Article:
The meal, on the other hand, is terrific - spinach lasagna for me. The camaraderie between the 5 of us is relaxing, and some good old fashioned human connection is just what the doctor ordered after this whirlwind day. Darrol tells us some great stories about his past trips (ask him about Hardass Singh some time), and it's great to get to know Ben a little better. Ben's the kind of guy who keeps pretty much to himself, but if you ask directly, he's more than willing to share some of his fascinating life's story.
In the early, early morning, it's more schleppage of suitcases back to the Kedareshwar for brekkies together, then we're off to the train station, Bodh Gaya bound. Can't you just hear Gordie Lightfoot a-strummin'?
Bodh Gaya bound, Bodh Gaya bound,It's good to beeeee - Bodh Gaya bound...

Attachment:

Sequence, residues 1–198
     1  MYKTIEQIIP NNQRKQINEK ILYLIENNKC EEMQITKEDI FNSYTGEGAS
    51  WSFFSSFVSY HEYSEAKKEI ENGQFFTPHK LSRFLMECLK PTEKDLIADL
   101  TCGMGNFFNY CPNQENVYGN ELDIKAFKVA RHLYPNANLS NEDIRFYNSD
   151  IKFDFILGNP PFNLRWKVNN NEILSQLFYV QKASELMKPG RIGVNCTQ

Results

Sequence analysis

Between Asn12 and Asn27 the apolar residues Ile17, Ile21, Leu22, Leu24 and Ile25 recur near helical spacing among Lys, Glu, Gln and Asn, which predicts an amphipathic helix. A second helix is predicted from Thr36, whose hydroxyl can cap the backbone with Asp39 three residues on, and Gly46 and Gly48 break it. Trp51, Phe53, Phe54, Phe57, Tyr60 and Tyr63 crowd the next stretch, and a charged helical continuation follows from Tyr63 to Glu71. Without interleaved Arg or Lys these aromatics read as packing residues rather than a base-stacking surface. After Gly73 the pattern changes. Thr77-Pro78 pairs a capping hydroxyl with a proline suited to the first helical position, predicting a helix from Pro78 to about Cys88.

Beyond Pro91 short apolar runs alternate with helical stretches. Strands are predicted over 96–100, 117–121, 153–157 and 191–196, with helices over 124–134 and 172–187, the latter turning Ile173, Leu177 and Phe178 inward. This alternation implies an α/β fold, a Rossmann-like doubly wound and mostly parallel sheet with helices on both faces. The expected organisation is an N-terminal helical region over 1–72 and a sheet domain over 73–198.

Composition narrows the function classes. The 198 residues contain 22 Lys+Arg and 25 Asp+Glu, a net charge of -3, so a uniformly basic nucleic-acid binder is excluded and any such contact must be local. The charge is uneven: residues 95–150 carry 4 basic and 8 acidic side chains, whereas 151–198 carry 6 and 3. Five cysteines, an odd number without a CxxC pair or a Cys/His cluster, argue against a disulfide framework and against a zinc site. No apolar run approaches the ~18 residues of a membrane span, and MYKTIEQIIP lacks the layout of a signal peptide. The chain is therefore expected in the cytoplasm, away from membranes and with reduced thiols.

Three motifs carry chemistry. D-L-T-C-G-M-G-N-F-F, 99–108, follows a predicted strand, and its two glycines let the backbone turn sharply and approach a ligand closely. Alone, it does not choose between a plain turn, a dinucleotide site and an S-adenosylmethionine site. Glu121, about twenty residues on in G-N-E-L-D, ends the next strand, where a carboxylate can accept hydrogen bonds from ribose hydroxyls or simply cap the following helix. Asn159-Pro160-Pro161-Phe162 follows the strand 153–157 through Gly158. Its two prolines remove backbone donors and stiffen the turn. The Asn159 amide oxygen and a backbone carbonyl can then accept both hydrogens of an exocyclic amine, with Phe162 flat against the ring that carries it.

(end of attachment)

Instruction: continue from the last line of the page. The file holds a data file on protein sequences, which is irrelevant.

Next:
Perhaps with a little bad sitar accompaniment.
Here I am following Ben - at 6:50 a.m. through the crowded ghats:
Father & son photo op.
Jimmy Buffet: Just another Benares Sunrise.
Everyone really should come experience this most spectacular city.
One of the Kedareswar employees stands guard with his monkey stick while we eat breakfast. (see next pic)
On the next-door balcony, a curious monkey scrambles along.
Can monkeys have underwear fetishes?
Emma Bryant, Darrol & Susan's youngest, has joined us for the remainder of the journey. Here are father & daughter in the van on the way to the Varanasi train station, going over details of our upcoming visit to Bodh Gaya.